Many translators ask their self, why aren't I getting work? I'm registered with almost every translation community/company/agency available on the Net, but I haven't gotten more than a few assignments!
How many of us are thinking the same thing right now? Taking the first steps in the world of translation is always hard. And now, with an army of wannabe translators who offer services at prices with which no one can compete (see our previous articles), even professional translators are having some problems. Here I would like to discuss a few tips on how attract clients and agencies, and how to establish a fruitful relationship with them. This is not The Final Guide for Translators… just few pieces of advice from a PM.
When sending a CV, be sure to insert as much information as possible about the way you prefer to be contacted: PC email, mobile email, telephone number, mobile number, MSN, Skype etc. (Please avoid Facebook…)
It is a good idea also to specify a number for "emergencies" and time of availability during which you can answer the phone or reply to emails.
In most cases the first jobs will be "by tomorrow", or "I need it within the next three hours". Of course you are free to reject these tasks, but by accepting, you're sure to score points! Without a doubt, showing flexibility will increase your appeal to clients.
Another tip: each of us has a specific field, but showing adaptability even to other translation contexts is not a bad thing. Of course you can't just say "I'm the most qualified translator for medical/law/technical/IT/software/machinery field"… you'll be taken for a liar. Try something like: "I'm strong in XXX and have some experience also in YYY".
Do not underestimate the "visual" aspect- among hundreds and hundreds of similar CVs: a well-compiled, original but at the same time clear CV will have a stronger "visual impact". Use colors or a particular layout, but don't be too childish or "extreme". A CV with a portrait will impress much more than a text-only one. This is especially true in translation communities. Usually the most requested translators are the ones who have a portrait registered in their profile. I suggest using your picture, but if you are too shy you could use one of your dog/cat/car/whatever. Of course this is only for communities! When sending a CV directly to a company, use your own picture.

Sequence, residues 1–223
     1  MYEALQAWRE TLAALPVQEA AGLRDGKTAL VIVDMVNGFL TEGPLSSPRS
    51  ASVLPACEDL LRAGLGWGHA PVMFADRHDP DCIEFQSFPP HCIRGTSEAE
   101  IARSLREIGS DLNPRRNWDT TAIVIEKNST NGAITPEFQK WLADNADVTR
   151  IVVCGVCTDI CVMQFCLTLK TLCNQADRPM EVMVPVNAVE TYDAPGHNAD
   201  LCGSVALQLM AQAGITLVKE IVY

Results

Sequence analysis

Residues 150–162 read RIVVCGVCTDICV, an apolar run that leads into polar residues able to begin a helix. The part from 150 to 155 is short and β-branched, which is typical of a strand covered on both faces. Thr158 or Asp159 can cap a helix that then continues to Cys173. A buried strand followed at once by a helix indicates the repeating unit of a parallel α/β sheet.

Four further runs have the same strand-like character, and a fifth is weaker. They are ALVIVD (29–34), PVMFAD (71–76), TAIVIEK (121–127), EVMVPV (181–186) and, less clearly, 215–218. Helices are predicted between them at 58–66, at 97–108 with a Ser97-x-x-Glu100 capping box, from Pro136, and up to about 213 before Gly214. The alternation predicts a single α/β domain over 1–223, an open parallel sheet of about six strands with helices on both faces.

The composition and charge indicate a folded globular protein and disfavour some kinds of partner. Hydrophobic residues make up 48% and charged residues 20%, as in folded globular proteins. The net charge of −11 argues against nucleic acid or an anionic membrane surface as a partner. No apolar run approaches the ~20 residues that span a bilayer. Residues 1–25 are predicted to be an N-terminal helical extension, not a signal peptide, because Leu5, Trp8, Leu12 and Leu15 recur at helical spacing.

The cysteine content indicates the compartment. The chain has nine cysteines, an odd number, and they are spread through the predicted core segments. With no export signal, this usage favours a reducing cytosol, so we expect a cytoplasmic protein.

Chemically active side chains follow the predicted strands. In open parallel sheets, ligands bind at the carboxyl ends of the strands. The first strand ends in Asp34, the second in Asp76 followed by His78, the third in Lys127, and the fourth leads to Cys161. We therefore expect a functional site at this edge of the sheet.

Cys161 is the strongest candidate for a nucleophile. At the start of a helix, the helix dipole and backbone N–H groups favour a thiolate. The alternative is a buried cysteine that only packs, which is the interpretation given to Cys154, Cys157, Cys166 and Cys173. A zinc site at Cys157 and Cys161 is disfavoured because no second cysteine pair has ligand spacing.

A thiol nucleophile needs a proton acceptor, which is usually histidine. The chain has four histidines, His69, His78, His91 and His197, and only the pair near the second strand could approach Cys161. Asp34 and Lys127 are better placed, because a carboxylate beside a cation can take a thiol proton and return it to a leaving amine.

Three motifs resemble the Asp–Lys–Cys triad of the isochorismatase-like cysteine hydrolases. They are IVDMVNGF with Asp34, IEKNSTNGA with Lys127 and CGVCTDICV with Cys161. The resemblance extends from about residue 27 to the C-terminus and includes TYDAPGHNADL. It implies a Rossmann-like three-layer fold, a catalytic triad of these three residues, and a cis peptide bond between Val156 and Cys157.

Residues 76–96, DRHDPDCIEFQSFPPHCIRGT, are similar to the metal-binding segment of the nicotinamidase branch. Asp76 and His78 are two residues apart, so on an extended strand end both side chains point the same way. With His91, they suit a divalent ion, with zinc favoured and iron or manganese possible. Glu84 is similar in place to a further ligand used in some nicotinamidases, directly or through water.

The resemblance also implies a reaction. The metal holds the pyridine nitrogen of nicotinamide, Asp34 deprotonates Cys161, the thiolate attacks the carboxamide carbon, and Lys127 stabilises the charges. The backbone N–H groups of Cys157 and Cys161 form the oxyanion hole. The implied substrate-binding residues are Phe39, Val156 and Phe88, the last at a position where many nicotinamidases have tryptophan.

You should keep track of all the places you've sent your CV to. If you update or change something in your CV, send a reminder to everyone. It can also provide you with an opportunity to tell companies and agencies "Hello! I'm here! If you have a job, give me a call!" PMs can't remember all of their contacts and when they have to choose a translator from the database, they usually prefer to pass the assignments on to translators with whom they keep contact. Especially in cases of emergency or with important assignments, there is the tendency to look to familiar collaborators, on whom it is easy to rely. This leads directly to my last piece of advice: smile!
Speaking seriously, when writing emails or answering the phone, it's better to be informal but polite than to be formal and too stiff. Most people working in translation agencies are relatively young. "Hope you're doing fine!", "It's been a long time…", "Have a nice day!" and expressions like these give a good impression to the PM and will surely leave a good impression. Of course if the PM on the other side's reply is cold as ice, this kind of approach is not useful… Creating a friendly relationship with the agency is a good way to get more jobs. Show a bright and energetic personality – but, even in this case, without exaggerating it! In the end it's still business!
In conclusion, smile: it's the strongest weapon, not only in work but in every aspect of life! So smile, and think positively, and good things will surely come!